Friday, April 17, 2009

More gardening

So I am finally getting things a little more organized in the outdoor container garden. This weekend I worked on adding an additional, re-purposed piece of furniture as a container for some cucumbers and okra. First let me say that I had almost run out of the fuel to get these plants and this container off the ground and completed. I was inspired by my visit to the Quality Feed and Garden Company store on N. Main St. near the Houston Heights. This feedstore is awesome-- like stepping into the parts of Arkansas my family grew up. They had ducks, chickens, and parrots, and pigeons, and fancy chickens, and feed, and more feed and lots of vegetable plants. So I bought 6 cucumber plants with the help of the owner ("Do you burp after cucumbers? Then you don't need the burpless") and 6 okra plants, and this beautiful purple basil-- mmmm.

After the plants were bought I was committed. So I took this wonderful coffee table/record holder my dad made over 30 years ago. I remember growing up with this coffee table, eating dinner, storing books in it. For several years it held my aquarium- the one where the goldfish committed suicide by jumping out of the tank (all three together- like beached whales) Then for several more years it held a tank full of mice, then when I was 21 my dad got me Dolomite- my White's tree frog. He and I have been together on and off for 10 years. I left him in a 3rd grade classroom when i lived in Wisconsin, but when i moved back to LSU reclaimed him and put his terrarium on this coffee table. Anyway-- I thought I could fix up the table and put Dolomite's new tank on it (pictures of his new home to come), but instead I just decided to re-purpose it. So I sanded, spray-painted, and then stenciled it.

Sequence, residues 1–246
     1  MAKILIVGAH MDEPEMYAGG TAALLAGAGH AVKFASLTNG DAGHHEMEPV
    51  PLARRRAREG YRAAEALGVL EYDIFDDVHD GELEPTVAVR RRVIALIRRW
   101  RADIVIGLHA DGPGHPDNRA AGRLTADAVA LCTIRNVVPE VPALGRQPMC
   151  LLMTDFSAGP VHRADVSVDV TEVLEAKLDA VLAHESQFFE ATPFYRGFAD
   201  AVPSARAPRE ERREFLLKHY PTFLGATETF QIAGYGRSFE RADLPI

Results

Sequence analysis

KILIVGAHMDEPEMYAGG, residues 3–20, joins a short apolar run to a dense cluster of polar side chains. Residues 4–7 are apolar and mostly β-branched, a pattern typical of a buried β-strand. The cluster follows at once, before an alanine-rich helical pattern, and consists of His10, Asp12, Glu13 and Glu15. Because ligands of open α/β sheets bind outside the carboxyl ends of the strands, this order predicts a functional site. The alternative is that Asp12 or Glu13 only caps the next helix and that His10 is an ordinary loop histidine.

After the box was dry I went to the hardware store and bought some 'straw' lining, lined the bottom and filled 2 cubbies with a slow release potting soil and peat mix and planted my cucumber plants.
Tomorrow I will get more soil, and plant the okra.

Now to chart the growth of the vegetable and wait for the bounty.

Tuesday, April 14, 2009

Spring distractions

I had these grand plans to write a blog about the stuff I do-- the food I cook, knitting projects I make, science I find exciting, but in the end I have realized I just don't enjoy being a how-to person or guide-to-_____ person. I just talk about things that are on my mind. Even knowing that nobody is really reading what is on my mind. So maybe this is just an outlet for me. I would love to inspire people, but think I may not be inspiring. I have no original home projects, my recipes are only slightly altered recipes from the original, I don't write original music, my knitting projects are taken from books, magazines, web-sites. So once again I do things half-heartedly. So often I wish I had an amazing passionate drive to do things and leave a mark in this world. I am not sure where I read this or heard this, but apparently humans have a drive to leave a legacy of themselves on this earth. Be it a child, an idea, an art, touching someone's life, etc. What if you don't have this desire to leave a legacy? Does this make you less 'human'?
I don't have this desire very often- I mean it sounds grand, but all and all I just wanna fade away. I don't mean this in a depressing sense, in fact I am so content. I find such beauty in everything around me, that really I would just rather that beauty engulf me and overshadow my existence.